def main():
    parser = argparse.ArgumentParser(description="A Python tool for grabbing data from the New York Times Article API.")
    parser.add_argument('-j','--json', required=True, help="path to the folder where you want the JSON files stored")
    parser.add_argument('-c','--csv', required=True, help="path to the file where you want the CSV file stored")
    parser.add_argument('-k','--key', required=True, help="your NY Times Article API key")
    # parser.add_argument('-s','--start-date', required=True, help="start date for collecting articles")
    # parser.add_argument('-e','--end-date', required=True, help="end date for collecting articles")
    args = parser.parse_args()
    json_file_path = args.json
    csv_file_name = args.csv
    api_key = args.key    
    start = datetime.date( year = 2013, month = 1, day = 1 )
    end = datetime.date( year = 2013, month = 1, day = 1 )
    log_file = "".join([json_file_path,"getTimesArticles_testing.log"])
    logging.basicConfig(filename=log_file, level=logging.INFO)
    logging.info("Getting started.") 
        for date in daterange( start, end ):
            date = date.strftime("%Y%m%d")
            logging.info("Working on %s." % date)
            getArticles(date, api_key, json_file_path)
            parseArticles(date, csv_file_name, json_file_path)
        logging.error("Unexpected error: %s", str(sys.exc_info()[0]))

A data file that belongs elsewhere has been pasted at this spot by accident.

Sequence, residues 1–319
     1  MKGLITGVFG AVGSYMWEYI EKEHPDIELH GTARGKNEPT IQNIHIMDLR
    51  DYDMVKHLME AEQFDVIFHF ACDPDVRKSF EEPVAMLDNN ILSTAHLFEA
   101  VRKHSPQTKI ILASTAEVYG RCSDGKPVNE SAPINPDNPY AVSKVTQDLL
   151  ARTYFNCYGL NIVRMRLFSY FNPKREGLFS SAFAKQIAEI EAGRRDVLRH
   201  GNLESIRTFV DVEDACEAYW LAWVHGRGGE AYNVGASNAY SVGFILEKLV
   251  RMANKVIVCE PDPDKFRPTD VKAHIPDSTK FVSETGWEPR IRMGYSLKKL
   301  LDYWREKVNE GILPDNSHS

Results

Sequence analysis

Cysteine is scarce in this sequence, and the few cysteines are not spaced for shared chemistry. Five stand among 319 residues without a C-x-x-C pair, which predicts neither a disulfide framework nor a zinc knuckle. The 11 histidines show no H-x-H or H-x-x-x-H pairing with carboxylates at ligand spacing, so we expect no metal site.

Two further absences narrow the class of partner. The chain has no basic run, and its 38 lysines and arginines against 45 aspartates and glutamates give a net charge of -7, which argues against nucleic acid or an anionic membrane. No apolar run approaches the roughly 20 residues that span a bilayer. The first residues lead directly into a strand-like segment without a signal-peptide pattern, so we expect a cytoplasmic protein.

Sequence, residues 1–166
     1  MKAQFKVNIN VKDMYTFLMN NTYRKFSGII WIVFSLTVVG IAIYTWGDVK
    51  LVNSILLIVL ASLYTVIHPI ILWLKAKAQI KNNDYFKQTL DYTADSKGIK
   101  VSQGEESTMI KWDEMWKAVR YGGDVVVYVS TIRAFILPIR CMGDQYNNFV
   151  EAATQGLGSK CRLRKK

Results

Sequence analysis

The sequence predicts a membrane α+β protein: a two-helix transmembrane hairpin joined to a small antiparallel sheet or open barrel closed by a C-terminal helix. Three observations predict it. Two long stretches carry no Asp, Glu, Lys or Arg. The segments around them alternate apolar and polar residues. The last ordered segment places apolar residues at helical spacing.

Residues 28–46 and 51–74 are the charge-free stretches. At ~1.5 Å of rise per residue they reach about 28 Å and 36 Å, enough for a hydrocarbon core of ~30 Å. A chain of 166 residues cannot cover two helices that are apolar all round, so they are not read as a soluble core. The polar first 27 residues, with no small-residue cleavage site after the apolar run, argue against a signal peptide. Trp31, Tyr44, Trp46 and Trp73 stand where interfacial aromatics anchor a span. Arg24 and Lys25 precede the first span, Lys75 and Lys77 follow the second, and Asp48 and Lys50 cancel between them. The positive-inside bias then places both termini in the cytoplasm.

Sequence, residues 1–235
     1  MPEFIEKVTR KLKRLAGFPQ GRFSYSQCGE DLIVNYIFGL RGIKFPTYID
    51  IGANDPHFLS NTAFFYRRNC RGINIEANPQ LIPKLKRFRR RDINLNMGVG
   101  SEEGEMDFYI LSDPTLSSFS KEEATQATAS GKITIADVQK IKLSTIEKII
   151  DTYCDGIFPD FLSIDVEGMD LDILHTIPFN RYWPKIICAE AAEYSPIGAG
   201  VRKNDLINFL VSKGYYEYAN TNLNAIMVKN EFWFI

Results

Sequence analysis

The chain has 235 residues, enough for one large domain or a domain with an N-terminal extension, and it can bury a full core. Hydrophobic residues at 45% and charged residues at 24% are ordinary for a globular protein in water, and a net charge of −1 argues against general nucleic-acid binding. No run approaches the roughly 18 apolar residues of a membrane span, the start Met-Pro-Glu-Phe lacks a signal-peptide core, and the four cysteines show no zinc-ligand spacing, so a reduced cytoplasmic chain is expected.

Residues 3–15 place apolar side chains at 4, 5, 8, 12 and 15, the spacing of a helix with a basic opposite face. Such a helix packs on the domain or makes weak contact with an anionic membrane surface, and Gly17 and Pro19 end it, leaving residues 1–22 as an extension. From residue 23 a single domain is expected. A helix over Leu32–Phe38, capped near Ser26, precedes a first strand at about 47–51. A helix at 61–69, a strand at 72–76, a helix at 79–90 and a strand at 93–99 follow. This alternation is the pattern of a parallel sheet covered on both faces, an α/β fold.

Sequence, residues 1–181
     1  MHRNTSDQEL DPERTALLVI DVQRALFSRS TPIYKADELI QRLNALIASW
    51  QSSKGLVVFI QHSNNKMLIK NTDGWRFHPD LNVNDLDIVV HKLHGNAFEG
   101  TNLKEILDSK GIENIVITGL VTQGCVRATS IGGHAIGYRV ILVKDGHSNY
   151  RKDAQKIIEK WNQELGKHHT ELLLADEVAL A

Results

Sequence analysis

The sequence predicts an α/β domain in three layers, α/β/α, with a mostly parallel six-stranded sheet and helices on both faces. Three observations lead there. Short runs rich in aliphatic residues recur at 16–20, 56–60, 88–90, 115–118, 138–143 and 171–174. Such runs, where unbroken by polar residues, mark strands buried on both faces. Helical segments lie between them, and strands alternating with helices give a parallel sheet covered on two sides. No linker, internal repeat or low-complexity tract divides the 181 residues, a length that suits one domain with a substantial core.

if __name__ == '__main__' :

Who in Congress talks to Each Other?

On Twitter, at least, most of the communication is between members of the same party. That’s not all that surprising given the polarized Congress and a slew of recent social science findings about homogeneous connections among users. I still think it’s interesting though.

A couple months ago I blogged about using geometric mean instead of simple edge weight and reciprocation measures, and I put that to use recently on data from Congress’s mentioning on Twitter between March 2012 and October 2012. The images below show the resulting graph using various geometric mean thresholds to determine whether or not an edge should display.

Geometric Mean 1 or Greater

Geometric Mean 1 or Greater

The image above includes all reciprocal relationships, regardless of how one-sided those relationships were. The yellow edges mean that there were mentions across party. We see more here than Adamic and Glance did among political bloggers, but the red (Republican to Republican) and blue (Democrat to Democrat) mentions clearly occur much more frequently.

Geometric mean 10 or greater

Geometric Mean 10 or Greater

In this image, the threshold for display was 10. That means these people are mentioning each other pretty often. A couple things jump out right away – first that the network is quite fragmented. The reciprocal network looks like a single component (I’ll have to check to be sure), but this one clearly has multiple components. Second, there are very few between-party links. Near the bottom, we can see Senators McCain, Graham, Lieberman, and Ayotte. I’d love to hear how Sen. Ayotte ended up in a conversation with those guys. Near the top, there’s another bipartisan conversation between Representatives Yoder and Cleaver from neighboring states; off to the right there’s another between Senators Moran and Warner. I’ll also look into why those guys are chatty.

Those two groups in the middle, where names are overlapping too much to read, have just within-party mentions. One group of Republicans talk amongst themselves, and one group of Democrats do as well. Then, just to the left of center, we see Sen. Grassley talking to himself to/from multiple accounts. That makes me think there’s a problem with the data. But, that’s why I put stuff here first – I can blog while I clean data and before I write the paper. The other groups are mostly representing the same state or from the same party. This exercise definitely presents a whole slew of new interesting questions to ask and answer.